Each of the last two chapters weighs in at a hefty one-hundred pages, almost the size of a short monograph in itself. First comes a detailed analysis of the nine women from royal or princely families who were beatified over the course of the thirteenth and fourteenth centuries, the most famous and popular of whom was Elizabeth of Hungary. These women, a combination of pious widows who patronized convents and princesses who avoided marriage by taking the veil, were the chief means by which the mendicant orders entered central Europe. They used their family resources to establish mendicant convents in which they practiced a life of simplicity and poverty which was a conscious and effective foil to the ostentatious court life of their families. They blended the two most important currents of late medieval holiness, female sanctity and mendicant poverty, and thus adapted ideals of Italian origin to the realities of kingdoms of the eastern "periphery" such as Hungary. While these central European women constituted the great majority of "royal saints" in these centuries, Klaniczay does offer a comparison to their west European contemporaries, most importantly Louis IX of France. In the final chapter Klaniczay describes how the cults of these women flourished during the fourteenth and fifteenth centuries in their native countries where the cults were encouraged and patronized by the ruling dynasties as a sacred confirmation of their power and authority. Thus the women who had self-consciously rejected court life became in a sense the cornerstones of those very courts in later generations. Their cults also flourished in the western lands of Europe, particularly France and Italy, through the mediation of the Angevin dynasty which married into central European ruling families. There various traits common to female Italian saints, such as mystical visions and stigmata, were added to the portraits of Elizabeth of Hungary and the others, even though they had not actually exhibited those traits in their lives. Throughout these chapters, Klaniczay carefully crafts his argument in light of and response to André Vauchez' magisterial Sainthood in the Later Middle Ages (French second edition, Rome, 1988; English translation, Cambridge, 1997).

Klaniczay ends the book with a sixteen-page conclusion which is new to the English translation. Here he evaluates new developments in scholarship since the original composition of the book, considers how he might proceed to rewrite the book in the light of those developments, and argues for the importance of the so-called "periphery" of Europe in the history of the so-called "mainstream."

One aspect of the book worthy of separate comment is the use of art historical evidence. The cults considered in this book were the inspiration for many illuminated manuscripts, reliquaries, and sumptuously decorated chapels. Klaniczay makes extensive use of this evidence and has provided the book with ninety-one black-and-white illustrations, mostly of very good clarity and quality. He is very attuned to the importance of the symbolic representation of both holiness and royal authority, yet he mostly considers the visual evidence as simple illustrations of the texts which he has read, and not as independent texts. This is a failing among historians commonly decried by art historians. To his credit, Klaniczay notes in the conclusion that he wishes he had incorporated art historical scholarship and evidence more fully into his argument.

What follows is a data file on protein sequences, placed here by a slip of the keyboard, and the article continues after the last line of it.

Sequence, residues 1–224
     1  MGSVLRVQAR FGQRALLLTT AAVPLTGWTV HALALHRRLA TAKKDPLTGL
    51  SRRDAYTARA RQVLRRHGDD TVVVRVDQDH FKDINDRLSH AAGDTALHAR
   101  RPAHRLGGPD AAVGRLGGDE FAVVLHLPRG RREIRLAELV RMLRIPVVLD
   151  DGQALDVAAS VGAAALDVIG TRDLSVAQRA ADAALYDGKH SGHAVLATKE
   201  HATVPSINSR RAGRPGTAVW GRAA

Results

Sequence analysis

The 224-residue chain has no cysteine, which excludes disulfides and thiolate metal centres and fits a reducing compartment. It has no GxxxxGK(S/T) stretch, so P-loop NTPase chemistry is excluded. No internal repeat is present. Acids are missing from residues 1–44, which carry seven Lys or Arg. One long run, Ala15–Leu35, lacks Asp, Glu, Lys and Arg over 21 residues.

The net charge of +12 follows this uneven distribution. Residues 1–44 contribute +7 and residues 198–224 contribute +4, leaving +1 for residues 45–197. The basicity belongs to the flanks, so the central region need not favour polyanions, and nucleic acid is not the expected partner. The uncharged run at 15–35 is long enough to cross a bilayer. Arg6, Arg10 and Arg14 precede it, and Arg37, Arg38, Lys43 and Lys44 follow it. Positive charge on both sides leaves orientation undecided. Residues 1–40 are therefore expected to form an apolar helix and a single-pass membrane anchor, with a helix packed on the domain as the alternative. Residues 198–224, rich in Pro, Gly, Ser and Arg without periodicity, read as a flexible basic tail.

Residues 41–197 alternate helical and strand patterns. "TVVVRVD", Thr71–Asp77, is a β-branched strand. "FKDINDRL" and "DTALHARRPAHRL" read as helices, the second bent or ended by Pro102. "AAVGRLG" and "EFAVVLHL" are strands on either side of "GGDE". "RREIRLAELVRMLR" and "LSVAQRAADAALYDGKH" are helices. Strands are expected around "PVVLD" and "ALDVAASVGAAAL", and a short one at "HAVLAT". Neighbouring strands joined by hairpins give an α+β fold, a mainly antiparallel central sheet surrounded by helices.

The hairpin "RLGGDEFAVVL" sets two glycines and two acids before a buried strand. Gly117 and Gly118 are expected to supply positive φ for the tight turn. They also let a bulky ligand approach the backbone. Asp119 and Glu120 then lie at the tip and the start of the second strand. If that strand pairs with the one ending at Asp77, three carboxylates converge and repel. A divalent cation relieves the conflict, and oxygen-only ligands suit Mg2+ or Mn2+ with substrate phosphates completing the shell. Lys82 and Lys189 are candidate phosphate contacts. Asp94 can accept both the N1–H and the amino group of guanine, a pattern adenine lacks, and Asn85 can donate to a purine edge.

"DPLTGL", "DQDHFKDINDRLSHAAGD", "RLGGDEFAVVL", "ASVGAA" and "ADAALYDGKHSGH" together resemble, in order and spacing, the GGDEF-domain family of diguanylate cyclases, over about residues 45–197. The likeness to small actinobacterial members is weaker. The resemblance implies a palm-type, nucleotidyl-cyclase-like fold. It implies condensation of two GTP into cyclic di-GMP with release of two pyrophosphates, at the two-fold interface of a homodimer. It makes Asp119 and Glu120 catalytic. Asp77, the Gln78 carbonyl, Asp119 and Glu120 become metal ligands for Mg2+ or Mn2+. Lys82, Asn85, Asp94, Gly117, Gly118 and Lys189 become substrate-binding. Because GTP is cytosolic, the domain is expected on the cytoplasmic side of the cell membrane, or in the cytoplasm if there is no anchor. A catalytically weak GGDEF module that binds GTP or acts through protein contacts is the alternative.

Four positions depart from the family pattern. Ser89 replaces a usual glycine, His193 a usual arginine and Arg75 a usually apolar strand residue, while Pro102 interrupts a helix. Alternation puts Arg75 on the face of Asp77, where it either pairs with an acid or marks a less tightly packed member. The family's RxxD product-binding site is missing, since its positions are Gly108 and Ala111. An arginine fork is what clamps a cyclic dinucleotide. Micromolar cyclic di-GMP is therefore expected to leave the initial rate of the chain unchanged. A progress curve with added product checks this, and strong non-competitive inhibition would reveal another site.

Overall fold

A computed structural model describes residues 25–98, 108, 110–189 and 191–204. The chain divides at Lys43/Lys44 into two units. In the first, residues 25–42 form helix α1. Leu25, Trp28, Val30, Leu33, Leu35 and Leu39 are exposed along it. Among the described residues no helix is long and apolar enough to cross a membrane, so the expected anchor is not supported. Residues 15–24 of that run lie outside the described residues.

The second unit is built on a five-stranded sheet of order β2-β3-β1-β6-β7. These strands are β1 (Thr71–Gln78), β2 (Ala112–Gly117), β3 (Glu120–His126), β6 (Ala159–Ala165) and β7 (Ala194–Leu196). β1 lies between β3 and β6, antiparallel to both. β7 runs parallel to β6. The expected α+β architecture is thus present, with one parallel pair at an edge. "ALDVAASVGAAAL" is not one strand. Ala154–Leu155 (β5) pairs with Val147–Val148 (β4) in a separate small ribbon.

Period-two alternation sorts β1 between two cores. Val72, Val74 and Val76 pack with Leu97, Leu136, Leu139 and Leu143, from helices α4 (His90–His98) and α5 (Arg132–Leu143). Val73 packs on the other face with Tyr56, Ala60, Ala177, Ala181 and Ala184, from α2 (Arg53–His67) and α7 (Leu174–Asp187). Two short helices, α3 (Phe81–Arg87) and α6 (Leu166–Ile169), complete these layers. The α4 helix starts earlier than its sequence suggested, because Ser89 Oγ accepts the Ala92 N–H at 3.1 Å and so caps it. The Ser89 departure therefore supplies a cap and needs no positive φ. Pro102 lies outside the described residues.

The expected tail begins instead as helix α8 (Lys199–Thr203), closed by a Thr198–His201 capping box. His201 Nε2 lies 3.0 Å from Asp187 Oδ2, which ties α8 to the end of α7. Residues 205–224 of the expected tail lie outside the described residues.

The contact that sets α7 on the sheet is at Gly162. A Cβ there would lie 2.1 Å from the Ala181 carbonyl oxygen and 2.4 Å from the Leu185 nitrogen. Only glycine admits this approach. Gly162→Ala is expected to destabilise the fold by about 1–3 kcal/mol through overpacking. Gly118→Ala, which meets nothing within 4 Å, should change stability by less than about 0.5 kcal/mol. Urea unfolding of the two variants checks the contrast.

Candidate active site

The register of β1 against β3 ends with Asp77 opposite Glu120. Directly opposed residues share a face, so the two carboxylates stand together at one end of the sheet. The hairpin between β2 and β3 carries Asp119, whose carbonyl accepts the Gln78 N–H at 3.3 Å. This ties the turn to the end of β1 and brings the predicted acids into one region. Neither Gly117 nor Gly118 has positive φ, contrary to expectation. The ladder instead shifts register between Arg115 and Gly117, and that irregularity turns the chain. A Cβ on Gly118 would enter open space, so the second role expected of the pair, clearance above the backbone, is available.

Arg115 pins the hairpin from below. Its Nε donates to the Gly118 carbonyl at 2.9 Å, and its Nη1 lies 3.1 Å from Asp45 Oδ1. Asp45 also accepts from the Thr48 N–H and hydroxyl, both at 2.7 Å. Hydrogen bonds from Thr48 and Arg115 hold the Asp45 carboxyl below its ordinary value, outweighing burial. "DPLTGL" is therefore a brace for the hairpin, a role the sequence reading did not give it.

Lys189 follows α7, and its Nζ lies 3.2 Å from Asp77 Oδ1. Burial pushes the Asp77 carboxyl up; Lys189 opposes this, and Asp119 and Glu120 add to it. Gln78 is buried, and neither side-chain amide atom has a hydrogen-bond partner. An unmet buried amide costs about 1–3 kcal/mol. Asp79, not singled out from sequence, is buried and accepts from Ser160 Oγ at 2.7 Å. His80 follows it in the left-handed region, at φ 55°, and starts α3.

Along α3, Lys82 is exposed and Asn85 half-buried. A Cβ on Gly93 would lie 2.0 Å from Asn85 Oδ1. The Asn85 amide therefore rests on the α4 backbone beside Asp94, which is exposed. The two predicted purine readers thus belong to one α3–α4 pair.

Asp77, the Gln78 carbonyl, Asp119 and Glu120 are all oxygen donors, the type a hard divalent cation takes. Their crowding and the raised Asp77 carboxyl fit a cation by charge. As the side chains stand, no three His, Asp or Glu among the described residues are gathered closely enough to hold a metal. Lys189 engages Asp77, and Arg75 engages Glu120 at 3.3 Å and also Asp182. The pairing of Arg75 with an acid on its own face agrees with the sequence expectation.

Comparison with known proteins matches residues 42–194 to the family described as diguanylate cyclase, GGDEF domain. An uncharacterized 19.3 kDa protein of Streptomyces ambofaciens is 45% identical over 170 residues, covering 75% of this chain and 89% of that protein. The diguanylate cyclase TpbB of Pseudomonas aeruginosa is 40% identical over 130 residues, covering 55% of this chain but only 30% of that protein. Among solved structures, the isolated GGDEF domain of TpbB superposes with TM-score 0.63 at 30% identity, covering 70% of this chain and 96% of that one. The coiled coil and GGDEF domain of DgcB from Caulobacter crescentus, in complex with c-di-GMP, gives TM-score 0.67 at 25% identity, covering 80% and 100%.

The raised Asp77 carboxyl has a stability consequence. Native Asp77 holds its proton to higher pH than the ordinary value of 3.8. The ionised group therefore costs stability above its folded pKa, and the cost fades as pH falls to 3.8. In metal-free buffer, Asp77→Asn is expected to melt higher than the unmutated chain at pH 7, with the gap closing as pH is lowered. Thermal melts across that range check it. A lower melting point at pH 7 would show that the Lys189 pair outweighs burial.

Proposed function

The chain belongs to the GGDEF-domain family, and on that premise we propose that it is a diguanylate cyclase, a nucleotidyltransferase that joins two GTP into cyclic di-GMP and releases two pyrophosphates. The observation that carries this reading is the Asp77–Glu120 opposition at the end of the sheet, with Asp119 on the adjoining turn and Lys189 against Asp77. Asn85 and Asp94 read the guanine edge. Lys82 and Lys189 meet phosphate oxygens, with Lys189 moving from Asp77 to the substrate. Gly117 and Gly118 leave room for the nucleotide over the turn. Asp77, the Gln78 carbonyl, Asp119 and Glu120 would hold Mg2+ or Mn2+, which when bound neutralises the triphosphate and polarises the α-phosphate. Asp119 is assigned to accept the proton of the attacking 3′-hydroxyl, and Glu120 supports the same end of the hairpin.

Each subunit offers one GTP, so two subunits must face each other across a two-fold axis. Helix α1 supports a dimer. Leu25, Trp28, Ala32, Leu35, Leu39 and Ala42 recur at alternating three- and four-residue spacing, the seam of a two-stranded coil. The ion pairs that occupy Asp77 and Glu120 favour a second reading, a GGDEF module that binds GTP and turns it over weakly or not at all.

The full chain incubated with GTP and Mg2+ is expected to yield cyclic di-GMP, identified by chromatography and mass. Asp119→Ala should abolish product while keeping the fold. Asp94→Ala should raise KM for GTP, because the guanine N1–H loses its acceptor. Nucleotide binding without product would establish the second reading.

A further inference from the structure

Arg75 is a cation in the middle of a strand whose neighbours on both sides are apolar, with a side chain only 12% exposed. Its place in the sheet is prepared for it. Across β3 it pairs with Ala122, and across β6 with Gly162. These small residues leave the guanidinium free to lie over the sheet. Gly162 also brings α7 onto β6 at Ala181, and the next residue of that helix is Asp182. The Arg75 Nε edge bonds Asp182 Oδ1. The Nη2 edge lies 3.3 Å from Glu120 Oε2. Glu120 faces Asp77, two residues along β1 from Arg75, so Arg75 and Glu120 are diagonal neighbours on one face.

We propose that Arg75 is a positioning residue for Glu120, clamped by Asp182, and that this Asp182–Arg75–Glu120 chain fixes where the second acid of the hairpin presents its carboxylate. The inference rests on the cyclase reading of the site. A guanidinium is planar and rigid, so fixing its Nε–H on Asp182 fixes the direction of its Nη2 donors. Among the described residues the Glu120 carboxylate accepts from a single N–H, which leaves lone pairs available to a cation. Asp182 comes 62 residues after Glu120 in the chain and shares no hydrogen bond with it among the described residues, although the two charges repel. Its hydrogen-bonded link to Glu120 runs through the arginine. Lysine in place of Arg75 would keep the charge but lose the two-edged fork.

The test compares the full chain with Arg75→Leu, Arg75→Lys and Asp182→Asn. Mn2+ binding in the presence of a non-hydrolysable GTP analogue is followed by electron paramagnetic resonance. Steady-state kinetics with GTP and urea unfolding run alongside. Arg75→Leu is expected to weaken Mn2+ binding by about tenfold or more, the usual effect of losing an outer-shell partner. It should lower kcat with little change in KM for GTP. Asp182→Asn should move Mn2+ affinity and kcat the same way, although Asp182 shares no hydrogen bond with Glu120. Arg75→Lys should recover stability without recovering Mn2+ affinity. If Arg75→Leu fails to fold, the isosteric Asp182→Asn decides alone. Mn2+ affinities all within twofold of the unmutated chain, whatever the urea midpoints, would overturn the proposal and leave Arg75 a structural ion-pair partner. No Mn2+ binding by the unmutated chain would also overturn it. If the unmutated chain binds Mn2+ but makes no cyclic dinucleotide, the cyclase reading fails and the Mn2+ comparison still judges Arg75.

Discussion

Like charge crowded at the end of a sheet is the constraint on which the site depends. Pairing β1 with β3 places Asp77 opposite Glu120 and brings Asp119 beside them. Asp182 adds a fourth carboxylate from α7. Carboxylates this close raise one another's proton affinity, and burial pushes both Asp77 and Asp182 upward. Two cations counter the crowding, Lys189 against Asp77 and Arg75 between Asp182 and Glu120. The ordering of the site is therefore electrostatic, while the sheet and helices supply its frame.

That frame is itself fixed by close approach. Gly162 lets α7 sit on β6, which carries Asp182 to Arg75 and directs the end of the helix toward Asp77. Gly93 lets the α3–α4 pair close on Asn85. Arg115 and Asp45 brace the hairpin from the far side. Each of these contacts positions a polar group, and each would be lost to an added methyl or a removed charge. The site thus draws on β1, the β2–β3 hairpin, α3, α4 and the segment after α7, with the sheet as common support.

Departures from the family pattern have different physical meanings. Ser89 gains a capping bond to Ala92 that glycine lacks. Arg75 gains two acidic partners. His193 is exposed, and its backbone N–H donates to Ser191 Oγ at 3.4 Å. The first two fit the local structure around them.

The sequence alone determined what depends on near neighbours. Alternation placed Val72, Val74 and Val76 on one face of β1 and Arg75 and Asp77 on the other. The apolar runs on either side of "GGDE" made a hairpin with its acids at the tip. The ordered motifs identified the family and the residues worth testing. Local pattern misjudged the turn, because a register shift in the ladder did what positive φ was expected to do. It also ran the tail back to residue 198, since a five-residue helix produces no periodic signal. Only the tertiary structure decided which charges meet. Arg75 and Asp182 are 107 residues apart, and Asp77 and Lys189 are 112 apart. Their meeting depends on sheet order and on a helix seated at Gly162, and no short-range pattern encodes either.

I am, not unsurprisingly, completely unable to judge the specific merits of the actual translation from the Hungarian presented in this volume. The English reads quite fluidly and gives the general impression of being of high quality. There are, for example, surprisingly few inconsistencies or oddities in the rendering of personal names and other proper nouns, problems often rampant in translated volumes (but see Gerald of Aurillac and Géraud d'Aurillac on p. 115; "Gratianus" for the author of the Decretum on p. 188; the complexly macaronic "the Cathari, the Waldenses, the Umiliati" on pp. 195 and 200; and "Poor Clare" beside "Clariss" on pp. 238-9). English translations of scholarly works, and some but not all primary sources, are regularly noted in the footnotes. There are a handful of errors of fact which have probably been introduced in the translation process (see, for example, the identification of St. Jerome et al. as "Apostolic Fathers" on p. 196, and the introduction on p. 60 of St. Augustine, presumably instead of members of the imperial family, into the discussion of the endlessly enigmatic Trier Ivory). Another, even smaller, handful of errors of fact must be laid at the door of the author himself: it was, for example, the relics of St. Faith alone, not yet placed in the glorious reliquary statue, which were stolen by the monks of Conques from Agen in the ninth century (cf. p. 146). There is one persistent problem of worthy note which may be the fault of the translator or of the author himself. Throughout the work, the words "canonise" and "canonisation" are used in an inconsistent manner (see, for example, pp. 79, 98, 111, 125, 133, 148, 158, 171, 185, 195, etc.). At times they appear to refer specifically to a papal authorization of a saint's cult, at other times the use appears to be intentionally more general. So much for the reviewer's duty of reporting problems and errors, which remain acceptably small in number for a translated volume of this size and complexity.

Cambridge University Press is to be congratulated on making such an important work--particularly one published not in French or German, but in a language not read by the great majority of western scholars--available in translation so soon after its initial publication. And, it should be noted in conclusion, the importance of Klaniczay's study reaches far beyond the bounds of the history of Christian hagiography, or even of medieval religious history. As he succinctly notes, "St. Stephen, whose canonisation was occasioned by state policy consideration, continues to be a saint for state and political occasions to this day." (p. 147) Stephen's relics have indeed played an important role in the public theater of Hungarian politics since the euphoric upheavals of the late 1980s. Klaniczay's own thoughts on the contemporary implications of this very impressive and welcome study are succinctly noted in the conclusion.

Article Details

Author Biography

Thomas Head

The City University of New York